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Nutr Cancer. 2003;45(2):176-84.

Vitamin C supplementation decreases oxidative stress biomarker f2-isoprostanes in plasma of nonsmokers exposed to environmental tobacco smoke.

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School of Public Health, University of California-Berkeley, 140 Warren Hall, Berkeley, CA 94720-7360, USA.


Exposure to environmental tobacco smoke (ETS) has been linked to increased risk of lung cancer and cardiovascular diseases in nonsmokers. Current research suggests that some of these diseases are associated with elevated oxidative stress. We investigated the effect of antioxidant (AO) intervention on the lipid peroxidation biomarker F2-isoprostanes (F2-IsoPs), an index of oxidative stress, in plasma of nonsmokers exposed to ETS (passive smokers). We measured free F2-IsoP concentrations in plasma of 67 passive smokers at baseline and after 2 mo of daily intervention with AOs or placebo. The study subjects (47 females, 20 males; mean age 46 +/-15) were randomized into one of three treatment groups: vitamin C, "mixture" (vitamin C, vitamin E, and a-lipoic-acid), and placebo. Investigated confounders included plasma baseline AO levels, lipid and total cholesterol profiles, transferrin saturation, and C-reactive protein. Plasma F2IsoP concentrations of subjects in the vitamin C and mixture groups decreased significantly by 17.2 pmol/l (P = 0.0105) and 19.2 pmol/l (P = 0.0083) when compared with the placebo group (11.4% and 12.7%, respectively). Daily AO supplementation (especially with vitamin C) decreases this oxidative stress biomarker in passive smokers. This finding might be of importance for the prevention of ETS-associated adverse health effects in nonsmokers.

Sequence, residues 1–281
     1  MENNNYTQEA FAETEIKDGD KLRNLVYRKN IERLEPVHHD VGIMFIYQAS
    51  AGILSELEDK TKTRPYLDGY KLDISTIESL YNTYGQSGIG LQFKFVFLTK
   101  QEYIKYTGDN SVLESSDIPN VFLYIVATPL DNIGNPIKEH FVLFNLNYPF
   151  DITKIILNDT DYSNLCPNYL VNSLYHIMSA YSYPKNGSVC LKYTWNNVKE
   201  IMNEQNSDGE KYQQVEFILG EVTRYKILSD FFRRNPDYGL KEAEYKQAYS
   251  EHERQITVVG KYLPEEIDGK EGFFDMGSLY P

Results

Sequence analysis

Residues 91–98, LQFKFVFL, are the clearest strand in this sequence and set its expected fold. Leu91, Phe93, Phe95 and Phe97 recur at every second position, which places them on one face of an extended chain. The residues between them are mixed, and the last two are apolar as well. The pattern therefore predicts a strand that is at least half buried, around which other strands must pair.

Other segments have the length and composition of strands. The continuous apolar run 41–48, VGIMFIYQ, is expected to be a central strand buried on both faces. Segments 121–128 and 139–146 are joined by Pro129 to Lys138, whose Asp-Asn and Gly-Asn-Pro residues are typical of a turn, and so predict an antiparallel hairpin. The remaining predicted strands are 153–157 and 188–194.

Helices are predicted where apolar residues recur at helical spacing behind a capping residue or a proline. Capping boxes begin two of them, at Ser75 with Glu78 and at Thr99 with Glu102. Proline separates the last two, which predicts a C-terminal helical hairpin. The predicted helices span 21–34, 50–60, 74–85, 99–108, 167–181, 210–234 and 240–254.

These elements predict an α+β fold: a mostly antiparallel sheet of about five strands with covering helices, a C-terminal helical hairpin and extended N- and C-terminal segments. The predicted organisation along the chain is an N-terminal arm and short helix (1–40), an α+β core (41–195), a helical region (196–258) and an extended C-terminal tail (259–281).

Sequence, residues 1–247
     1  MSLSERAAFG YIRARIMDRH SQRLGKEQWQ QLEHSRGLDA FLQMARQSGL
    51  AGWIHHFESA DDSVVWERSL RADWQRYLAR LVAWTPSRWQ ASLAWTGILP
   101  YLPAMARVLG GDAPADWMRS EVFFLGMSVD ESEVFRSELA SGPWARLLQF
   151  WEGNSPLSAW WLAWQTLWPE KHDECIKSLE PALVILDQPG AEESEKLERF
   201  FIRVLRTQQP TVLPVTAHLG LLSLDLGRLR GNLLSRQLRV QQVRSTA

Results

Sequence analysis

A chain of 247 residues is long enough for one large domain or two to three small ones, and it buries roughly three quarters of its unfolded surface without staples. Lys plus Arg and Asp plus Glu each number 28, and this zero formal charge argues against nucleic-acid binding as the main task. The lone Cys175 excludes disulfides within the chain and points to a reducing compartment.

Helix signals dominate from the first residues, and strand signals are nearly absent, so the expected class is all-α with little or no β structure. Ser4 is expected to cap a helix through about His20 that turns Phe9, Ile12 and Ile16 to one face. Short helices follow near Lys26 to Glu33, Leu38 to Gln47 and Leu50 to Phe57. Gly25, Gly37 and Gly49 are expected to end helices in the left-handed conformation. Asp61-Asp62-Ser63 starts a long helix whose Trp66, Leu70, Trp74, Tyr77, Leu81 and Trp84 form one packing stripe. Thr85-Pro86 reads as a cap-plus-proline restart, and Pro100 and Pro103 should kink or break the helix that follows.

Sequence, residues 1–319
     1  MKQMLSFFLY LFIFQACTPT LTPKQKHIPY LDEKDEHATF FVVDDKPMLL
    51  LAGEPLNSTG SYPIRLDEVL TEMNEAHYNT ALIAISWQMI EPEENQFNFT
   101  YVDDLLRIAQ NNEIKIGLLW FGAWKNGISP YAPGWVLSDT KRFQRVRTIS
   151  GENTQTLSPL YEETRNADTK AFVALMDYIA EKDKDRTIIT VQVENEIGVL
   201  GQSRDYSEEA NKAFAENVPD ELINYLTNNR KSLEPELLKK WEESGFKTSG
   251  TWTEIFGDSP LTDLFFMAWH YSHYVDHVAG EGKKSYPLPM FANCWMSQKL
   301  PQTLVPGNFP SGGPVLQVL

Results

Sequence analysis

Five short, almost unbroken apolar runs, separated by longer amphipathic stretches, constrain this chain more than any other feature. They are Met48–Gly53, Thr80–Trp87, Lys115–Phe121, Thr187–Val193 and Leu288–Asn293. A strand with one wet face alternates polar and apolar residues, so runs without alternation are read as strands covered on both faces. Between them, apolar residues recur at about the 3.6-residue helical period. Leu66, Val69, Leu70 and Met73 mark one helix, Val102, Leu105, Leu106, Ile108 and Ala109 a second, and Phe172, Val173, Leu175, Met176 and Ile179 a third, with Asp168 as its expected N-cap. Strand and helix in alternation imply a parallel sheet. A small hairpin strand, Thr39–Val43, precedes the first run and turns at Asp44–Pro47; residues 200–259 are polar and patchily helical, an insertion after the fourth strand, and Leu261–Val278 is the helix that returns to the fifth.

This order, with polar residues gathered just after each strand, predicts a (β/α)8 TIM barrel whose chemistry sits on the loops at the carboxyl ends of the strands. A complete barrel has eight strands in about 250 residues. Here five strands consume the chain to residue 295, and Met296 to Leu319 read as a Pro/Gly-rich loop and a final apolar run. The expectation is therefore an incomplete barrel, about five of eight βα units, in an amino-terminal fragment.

[Indexed for MEDLINE]

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